Stock Market News Live Updates: Stocks Mixed After Two-Day Rally Amid Pfizer’s Omicron Vaccine Update

Stock Market News Live Updates: Stocks Mixed After Two-Day Rally Amid Pfizer’s Omicron Vaccine Update

Stocks traded neutral, taking a breather following a two-day rise, as investors continued to consider more information on the Omicron strain and assessed the possibility of a Federal Reserve policy shift.

A day earlier, equities of tech companies outperformed, propelling the Nasdaq up by more than 3%, its strongest day since March. As of Tuesday's closing, the S&P 500 was less than 0.5% lower than it had been on Nov. 24, the day before the World Health Organization announced the finding of the Omicron.

Treasury rates stabilized after a spike on Tuesday, with the 10-year Treasury note yielding slightly under 1.5%. U.S. West Texas Intermediate crude oil futures held near $71 per barrel, and Иitcoin fell back to the $50,000 mark.

Investors flocked to risky assets this week amid the prospect that the Omicron may not represent as serious a health danger as originally thought. At the same time, recent events in Washington, D.C., showed lawmakers are on their way to increasing the debt limit before Dec. 15. If the deadline is not prolonged, the U.S. Treasury will be left with insufficient money to pay holders of U.S. debt.

Pfizer's (PFE) stock rose modestly after the firm said that three doses of its Pfizer-BioNTech (BNTX) vaccine "neutralize" the Omicron strain, but that two doses "may not be adequate to prevent infection." Other latest changes around the virus have also been positive, as Dr. Anthony Fauci told the AFP on Tuesday that the effects of the Omicron strain are "almost certainly" no more serious than those of the previous Delta variant.

Brent Schutte, the chief investment strategist for Northwestern Mutual, believes that economic growth will be robust. Given the underlying foundations, the Omicron form might squeeze that growth somewhat, but it might not remove it. Although the Fed will undoubtedly concentrate more on tapering— which scared the market, the question is what influence this will have on economic growth. As Brent Schutte said, the answer is not clear. Next year, according to Brent Schutte, there will still be a strong U.S. economy due to the resumption of work, on the back of all the cash that is still on the balance sheet of consumers.

Other experts shared this opinion.

Emily Roland, the co-chief investment strategist at John Hancock investment management, thinks the underlying support for markets to keep rising here. Indeed, some events have scared investors in the last week: the discovery of the Omicron type and the Fed's shift, possibly seeing them accelerate asset purchases cuts. However, it can be concluded that the economy is doing well.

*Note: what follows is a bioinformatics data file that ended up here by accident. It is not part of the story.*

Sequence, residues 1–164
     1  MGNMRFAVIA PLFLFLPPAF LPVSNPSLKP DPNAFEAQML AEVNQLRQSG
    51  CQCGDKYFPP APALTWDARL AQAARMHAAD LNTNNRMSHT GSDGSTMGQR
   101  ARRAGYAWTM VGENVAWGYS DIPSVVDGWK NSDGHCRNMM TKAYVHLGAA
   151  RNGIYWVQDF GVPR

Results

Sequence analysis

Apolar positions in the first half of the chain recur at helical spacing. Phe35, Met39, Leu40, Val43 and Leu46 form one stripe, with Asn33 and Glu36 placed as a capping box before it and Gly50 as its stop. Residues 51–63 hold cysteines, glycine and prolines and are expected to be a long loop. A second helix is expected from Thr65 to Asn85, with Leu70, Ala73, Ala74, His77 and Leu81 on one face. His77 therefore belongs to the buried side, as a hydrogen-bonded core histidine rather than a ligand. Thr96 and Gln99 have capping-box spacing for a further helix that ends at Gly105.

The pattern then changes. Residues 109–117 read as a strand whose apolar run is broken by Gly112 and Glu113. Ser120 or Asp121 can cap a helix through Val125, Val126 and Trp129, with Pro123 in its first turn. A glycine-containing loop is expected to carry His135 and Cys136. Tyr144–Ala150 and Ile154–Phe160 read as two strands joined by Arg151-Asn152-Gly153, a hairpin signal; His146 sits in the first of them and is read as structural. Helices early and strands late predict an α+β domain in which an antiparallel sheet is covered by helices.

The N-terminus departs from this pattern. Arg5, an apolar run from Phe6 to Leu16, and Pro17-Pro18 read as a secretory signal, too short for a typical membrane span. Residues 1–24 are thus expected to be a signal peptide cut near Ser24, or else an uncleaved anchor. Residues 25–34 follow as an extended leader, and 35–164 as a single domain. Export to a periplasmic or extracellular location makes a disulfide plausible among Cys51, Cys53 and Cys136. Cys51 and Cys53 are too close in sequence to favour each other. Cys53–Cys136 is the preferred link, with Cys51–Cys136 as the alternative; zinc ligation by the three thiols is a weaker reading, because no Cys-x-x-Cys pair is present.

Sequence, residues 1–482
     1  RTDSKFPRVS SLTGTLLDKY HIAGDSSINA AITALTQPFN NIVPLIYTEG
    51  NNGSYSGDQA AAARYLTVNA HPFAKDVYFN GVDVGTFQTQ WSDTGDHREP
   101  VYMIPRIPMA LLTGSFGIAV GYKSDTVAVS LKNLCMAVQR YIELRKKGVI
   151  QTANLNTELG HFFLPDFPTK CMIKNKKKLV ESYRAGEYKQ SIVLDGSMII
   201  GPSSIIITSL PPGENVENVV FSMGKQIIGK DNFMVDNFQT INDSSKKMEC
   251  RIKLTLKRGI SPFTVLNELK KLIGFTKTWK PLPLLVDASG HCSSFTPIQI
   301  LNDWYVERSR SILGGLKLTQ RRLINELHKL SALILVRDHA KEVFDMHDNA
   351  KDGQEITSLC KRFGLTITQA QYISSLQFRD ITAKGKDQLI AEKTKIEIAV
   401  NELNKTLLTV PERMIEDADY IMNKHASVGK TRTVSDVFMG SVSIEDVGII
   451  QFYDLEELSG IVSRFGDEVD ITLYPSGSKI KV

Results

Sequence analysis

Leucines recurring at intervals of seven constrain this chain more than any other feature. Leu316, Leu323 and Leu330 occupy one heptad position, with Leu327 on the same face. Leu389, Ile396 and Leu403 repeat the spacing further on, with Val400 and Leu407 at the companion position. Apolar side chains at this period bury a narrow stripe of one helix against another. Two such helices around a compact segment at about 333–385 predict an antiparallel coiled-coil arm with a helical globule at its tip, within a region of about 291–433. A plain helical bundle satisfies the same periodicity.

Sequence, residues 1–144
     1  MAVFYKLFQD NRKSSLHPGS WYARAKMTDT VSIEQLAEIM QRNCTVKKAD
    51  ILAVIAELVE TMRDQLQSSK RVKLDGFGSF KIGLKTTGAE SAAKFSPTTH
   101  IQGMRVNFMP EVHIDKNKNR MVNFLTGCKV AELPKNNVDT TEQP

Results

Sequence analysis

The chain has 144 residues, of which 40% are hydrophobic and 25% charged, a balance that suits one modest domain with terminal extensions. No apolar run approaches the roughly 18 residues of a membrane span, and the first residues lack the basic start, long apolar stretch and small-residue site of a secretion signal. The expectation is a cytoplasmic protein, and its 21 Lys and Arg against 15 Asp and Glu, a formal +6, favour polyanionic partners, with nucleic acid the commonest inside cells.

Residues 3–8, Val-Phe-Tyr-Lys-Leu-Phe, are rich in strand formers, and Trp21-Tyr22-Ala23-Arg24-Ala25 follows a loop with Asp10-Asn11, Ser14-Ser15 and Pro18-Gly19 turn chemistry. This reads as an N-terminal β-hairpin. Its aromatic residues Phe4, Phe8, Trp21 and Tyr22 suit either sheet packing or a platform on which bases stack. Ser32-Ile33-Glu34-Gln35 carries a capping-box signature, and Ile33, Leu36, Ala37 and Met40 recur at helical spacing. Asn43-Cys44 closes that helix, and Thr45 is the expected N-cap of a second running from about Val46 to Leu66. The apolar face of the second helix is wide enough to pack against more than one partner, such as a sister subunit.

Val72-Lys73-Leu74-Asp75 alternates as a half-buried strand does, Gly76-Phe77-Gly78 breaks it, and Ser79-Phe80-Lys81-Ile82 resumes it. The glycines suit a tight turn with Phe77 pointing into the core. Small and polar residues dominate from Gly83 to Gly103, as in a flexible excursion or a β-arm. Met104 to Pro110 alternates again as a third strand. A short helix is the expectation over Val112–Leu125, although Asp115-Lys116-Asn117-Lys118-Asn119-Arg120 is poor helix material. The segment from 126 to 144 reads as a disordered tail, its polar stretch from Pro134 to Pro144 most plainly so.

"So, unless it appears like we are approaching a recession here, which is not true, it is difficult for us to get very protective. We resume embracing stocks; the United States equities are preferred because they have the strongest relative economic growth and profits. And, once again, there is a large amount of capital waiting on the sideline to be put to use," Emily Roland added.

Stocks traded neutral, taking a breather following a two-day rise, as investors continued to consider more information on the Omicron strain and assessed the possibility of a Federal Reserve policy shift.

A day earlier, equities of tech companies outperformed, propelling the Nasdaq up by more than 3%, its strongest day since March. As of Tuesday's closing, the S&P 500 was less than 0.5% lower than it had been on Nov. 24, the day before the World Health Organization announced the finding of the Omicron.

Treasury rates stabilized after a spike on Tuesday, with the 10-year Treasury note yielding slightly under 1.5%. U.S. West Texas Intermediate crude oil futures held near $71 per barrel, and Иitcoin fell back to the $50,000 mark.

Investors flocked to risky assets this week amid the prospect that the Omicron may not represent as serious a health danger as originally thought. At the same time, recent events in Washington, D.C., showed lawmakers are on their way to increasing the debt limit before Dec. 15. If the deadline is not prolonged, the U.S. Treasury will be left with insufficient money to pay holders of U.S. debt.

Pfizer's (PFE) stock rose modestly after the firm said that three doses of its Pfizer-BioNTech (BNTX) vaccine "neutralize" the Omicron strain, but that two doses "may not be adequate to prevent infection." Other latest changes around the virus have also been positive, as Dr. Anthony Fauci told the AFP on Tuesday that the effects of the Omicron strain are "almost certainly" no more serious than those of the previous Delta variant.